Patrick Palmer on successfully starting a business in a small town

Many entrepreneurs dream of reaching millions with their product or service, but what if your customer base is only a few thousand?

Patrick Palmer successfully runs his small business, The Computer Guy, in a town of less than 5,000 people.

Here he is with Shawn Hessinger, executive editor for Small Business Trends, on this latest issue of Small Biz in :15, to tell us more about how to successfully start a small business in a small town.

You can follow Patrick Palmer on his website if you need more information after watching this episode.

Watch the full interview with Patrick above on YouTube or listen on SoundCloud with the player at the bottom of the page.

Establish the success of a small town by building trust

Shawn: What’s the main difference between starting a business in a small town or somewhere else like a larger metropolitan area?

Patrick: The main advantage for me in a small town is that out of my 57 years I have lived here for 54 years. That is, you can’t buy trust.

“Some of the same people who saw me walk the graduation stage or knew me when I was in Boy Scouts or from my radio days — those people know me and trust me,” he adds.

Many, many people say to me, ‘You know Patrick, the door is open. Just go in, fix the computer and leave me the bill.’ That’s small town at its best.

My main city, Hampton, has about 4200 people, so that’s about where I am now. I’ve used that small town niche to do other projects in other towns.

I use the radio station thing, where if they can hear me in that area, I can serve there. I basically do a free pick up and drop off 45 miles from Hampton.

And that’s how I ended up in Mason City and Webster City, says Patrick. I was also in Waverly for a while and was a member of four different chambers of commerce for a while. That also helped to some extent, he added.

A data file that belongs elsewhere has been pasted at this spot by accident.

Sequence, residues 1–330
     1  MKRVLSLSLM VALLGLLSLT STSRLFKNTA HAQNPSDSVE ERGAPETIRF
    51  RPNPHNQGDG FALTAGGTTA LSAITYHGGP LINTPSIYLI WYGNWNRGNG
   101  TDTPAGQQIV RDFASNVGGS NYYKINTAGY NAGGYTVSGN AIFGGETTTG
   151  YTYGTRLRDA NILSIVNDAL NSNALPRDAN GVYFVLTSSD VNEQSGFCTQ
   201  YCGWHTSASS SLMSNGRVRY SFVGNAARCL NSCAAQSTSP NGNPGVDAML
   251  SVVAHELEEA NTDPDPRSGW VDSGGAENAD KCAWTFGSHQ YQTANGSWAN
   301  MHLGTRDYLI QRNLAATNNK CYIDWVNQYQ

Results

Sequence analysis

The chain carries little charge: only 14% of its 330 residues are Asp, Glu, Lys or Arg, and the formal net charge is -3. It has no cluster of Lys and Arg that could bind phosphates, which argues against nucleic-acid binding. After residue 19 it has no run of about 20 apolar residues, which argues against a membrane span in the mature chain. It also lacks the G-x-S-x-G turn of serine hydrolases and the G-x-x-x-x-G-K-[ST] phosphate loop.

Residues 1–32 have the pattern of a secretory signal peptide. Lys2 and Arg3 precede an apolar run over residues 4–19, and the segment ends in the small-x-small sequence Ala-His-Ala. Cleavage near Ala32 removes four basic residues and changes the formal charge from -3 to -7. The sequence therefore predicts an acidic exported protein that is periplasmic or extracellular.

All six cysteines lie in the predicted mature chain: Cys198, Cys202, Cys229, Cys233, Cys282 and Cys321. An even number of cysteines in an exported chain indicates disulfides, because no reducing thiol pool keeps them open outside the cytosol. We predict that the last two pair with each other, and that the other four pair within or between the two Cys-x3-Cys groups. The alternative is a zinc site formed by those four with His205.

You have to be active, volunteer and attend. You can’t say I’m a member and that’s all.

So being active in our city and on the city council in our city probably got me a little bit of business because people get a warning that their grass is too tall – they think I sent it.

It does have its pros and cons. But in general, I wouldn’t want to go to a big city and start a computer repair shop with the values ​​and morals and everything else I have. I think that would be very difficult.”

Declare yourself the expert in your niche

Shawn: Let’s say you didn’t grow up in a small town, or say you did, what’s the biggest challenge you face starting a business in a small town as opposed to a bigger market?

Patrick: What I’ve done when I’ve gone to a smaller town is I’m just claiming to be the expert here. I plant my flag in the ground. And I’m the expert until someone says I’m not.

“So I tend to find the current computer repairman’s pain points,

Oh, so they didn’t…

Oh, they didn’t know how to do that…

Oh, they’ve lost all your data…wwwwww!’

By finding those pain points, however, you can build confidence with them. And then the word spreads.”

Patrick goes on to say that one of the main reasons he is no longer in the Webster State Chamber was because he built his company big enough that he didn’t need them anymore.

“And a few other factors with Webster status come into play, so that’s not the whole thing. Anyway, I was already promoting myself more than they promoted me, he says.

There were no other computer repair technicians who had brick-and-mortar stores, and if there were, I could still do it cheaper because I didn’t have to pay rent.

So I come to town and have a set schedule on Fridays; I was there. And I have a set schedule — I go here and there and people just know it’s Monday or Wednesday — it’s last day in Mason City, Iowa.”